The Papal Cross is a large simple white cross designed by the Irish firm Scott, Tallon and Walker Associates, at a cost of £50,000. It stands at 116 feet, weighs 31 tonnes and is made of steel girders. It was erected on the 14th September, 1979, for the visit of the late Pope John Paul II. The Papal visit took place on the 29th September 1979 (Catholic feast day of the Exaltation of the Cross) and it was the first time a reigning Pope had ever visited Ireland.
At the time of the visit, Ireland was viewed as a devout catholic country and it is estimated that over one million people attended the first papal mass in Ireland. The Pope's visit cost the Irish government in excess of £2.5 million. In April 2005, a mass was held at the cross to mark the passing of John Paul II.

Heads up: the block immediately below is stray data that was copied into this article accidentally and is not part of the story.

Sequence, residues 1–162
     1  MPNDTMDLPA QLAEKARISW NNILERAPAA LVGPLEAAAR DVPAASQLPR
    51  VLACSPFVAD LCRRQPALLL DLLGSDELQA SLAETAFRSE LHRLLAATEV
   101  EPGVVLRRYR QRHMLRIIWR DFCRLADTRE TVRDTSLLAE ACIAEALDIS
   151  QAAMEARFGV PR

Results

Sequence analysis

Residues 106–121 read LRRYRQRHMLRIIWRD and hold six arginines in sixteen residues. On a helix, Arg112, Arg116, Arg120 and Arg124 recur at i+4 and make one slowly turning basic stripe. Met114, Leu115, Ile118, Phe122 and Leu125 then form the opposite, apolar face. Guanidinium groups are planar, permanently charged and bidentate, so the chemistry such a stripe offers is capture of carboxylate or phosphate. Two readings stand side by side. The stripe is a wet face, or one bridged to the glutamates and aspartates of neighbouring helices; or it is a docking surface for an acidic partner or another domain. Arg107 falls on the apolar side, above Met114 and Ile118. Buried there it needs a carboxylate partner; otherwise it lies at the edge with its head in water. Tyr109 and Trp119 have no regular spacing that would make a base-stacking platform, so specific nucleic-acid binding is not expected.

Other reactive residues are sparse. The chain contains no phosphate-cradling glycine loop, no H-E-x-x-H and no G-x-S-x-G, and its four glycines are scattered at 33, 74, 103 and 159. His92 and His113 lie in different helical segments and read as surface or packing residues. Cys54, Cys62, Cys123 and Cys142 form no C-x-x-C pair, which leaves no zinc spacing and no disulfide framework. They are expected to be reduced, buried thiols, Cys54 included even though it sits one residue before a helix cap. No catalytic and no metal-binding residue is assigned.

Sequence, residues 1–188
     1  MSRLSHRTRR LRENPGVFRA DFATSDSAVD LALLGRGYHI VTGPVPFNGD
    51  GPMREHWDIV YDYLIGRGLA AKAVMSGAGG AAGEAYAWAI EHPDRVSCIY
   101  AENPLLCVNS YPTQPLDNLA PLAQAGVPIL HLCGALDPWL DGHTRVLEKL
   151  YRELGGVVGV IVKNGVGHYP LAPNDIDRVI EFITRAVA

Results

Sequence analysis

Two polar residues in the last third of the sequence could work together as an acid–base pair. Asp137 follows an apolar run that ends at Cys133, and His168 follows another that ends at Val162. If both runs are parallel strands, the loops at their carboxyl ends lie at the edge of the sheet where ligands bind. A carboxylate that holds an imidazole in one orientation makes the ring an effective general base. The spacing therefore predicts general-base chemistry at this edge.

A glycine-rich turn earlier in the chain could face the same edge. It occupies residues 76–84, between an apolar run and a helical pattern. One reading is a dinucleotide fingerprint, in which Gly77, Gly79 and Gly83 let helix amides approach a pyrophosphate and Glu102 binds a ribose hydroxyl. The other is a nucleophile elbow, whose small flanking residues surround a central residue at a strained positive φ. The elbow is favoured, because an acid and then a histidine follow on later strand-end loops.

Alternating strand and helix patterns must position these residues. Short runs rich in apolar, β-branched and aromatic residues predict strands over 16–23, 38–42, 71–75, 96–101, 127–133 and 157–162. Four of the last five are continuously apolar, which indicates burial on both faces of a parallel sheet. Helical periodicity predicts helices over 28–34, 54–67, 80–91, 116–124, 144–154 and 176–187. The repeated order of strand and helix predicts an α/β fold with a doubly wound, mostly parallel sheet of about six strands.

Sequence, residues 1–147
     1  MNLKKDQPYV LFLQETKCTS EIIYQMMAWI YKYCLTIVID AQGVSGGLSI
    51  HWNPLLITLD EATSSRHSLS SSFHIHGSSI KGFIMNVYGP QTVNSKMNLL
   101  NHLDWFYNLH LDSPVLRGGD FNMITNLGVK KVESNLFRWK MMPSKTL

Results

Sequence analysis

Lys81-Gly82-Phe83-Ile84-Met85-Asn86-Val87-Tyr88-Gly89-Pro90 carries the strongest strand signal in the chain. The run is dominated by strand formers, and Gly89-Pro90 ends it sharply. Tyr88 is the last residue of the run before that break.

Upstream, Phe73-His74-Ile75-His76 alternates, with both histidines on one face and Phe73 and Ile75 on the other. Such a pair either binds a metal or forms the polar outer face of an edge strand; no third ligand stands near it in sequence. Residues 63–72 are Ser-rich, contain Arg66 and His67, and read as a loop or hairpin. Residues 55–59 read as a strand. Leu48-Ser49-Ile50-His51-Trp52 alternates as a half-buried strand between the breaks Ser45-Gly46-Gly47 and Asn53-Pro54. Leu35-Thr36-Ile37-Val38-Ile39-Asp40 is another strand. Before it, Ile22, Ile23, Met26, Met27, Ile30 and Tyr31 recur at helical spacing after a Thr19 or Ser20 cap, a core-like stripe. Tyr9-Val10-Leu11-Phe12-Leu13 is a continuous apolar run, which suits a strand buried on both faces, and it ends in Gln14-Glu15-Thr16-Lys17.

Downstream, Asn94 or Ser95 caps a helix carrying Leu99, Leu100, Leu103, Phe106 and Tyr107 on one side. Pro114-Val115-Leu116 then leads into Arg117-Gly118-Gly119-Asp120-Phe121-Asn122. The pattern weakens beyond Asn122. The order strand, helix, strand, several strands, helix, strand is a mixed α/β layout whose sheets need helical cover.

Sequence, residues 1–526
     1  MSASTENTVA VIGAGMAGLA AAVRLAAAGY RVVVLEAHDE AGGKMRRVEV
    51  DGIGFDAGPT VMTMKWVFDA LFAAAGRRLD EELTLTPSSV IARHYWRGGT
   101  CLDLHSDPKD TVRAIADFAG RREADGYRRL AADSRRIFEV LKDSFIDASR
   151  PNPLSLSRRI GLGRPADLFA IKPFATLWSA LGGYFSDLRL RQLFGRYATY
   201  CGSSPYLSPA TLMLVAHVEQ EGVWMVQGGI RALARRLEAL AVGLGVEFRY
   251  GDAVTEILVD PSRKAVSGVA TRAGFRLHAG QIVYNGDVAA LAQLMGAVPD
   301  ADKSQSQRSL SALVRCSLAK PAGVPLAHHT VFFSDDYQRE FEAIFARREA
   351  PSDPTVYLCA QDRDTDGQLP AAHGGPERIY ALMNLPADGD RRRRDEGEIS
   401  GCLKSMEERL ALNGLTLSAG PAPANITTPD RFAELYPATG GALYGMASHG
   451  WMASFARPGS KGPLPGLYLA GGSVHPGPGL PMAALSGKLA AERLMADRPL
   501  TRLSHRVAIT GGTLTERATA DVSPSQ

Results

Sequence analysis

Charles Haughey, former Taoiseach of Ireland, believed that the site of the Papal Cross had the potential to become an attraction in it's own right. He wrote to Sylvie Barrett, the Minister of State, saying that “effort should be made to make it attractive, even inspirational. I think we should go for an abundance of trees of all kinds and create a pleasant sylvan setting in which visitors coming to see the cross can relax.”
The cross, with it's stunning vistas towards the mountains and the city, is now a tourist attraction and is visited by bus tours and locals daily.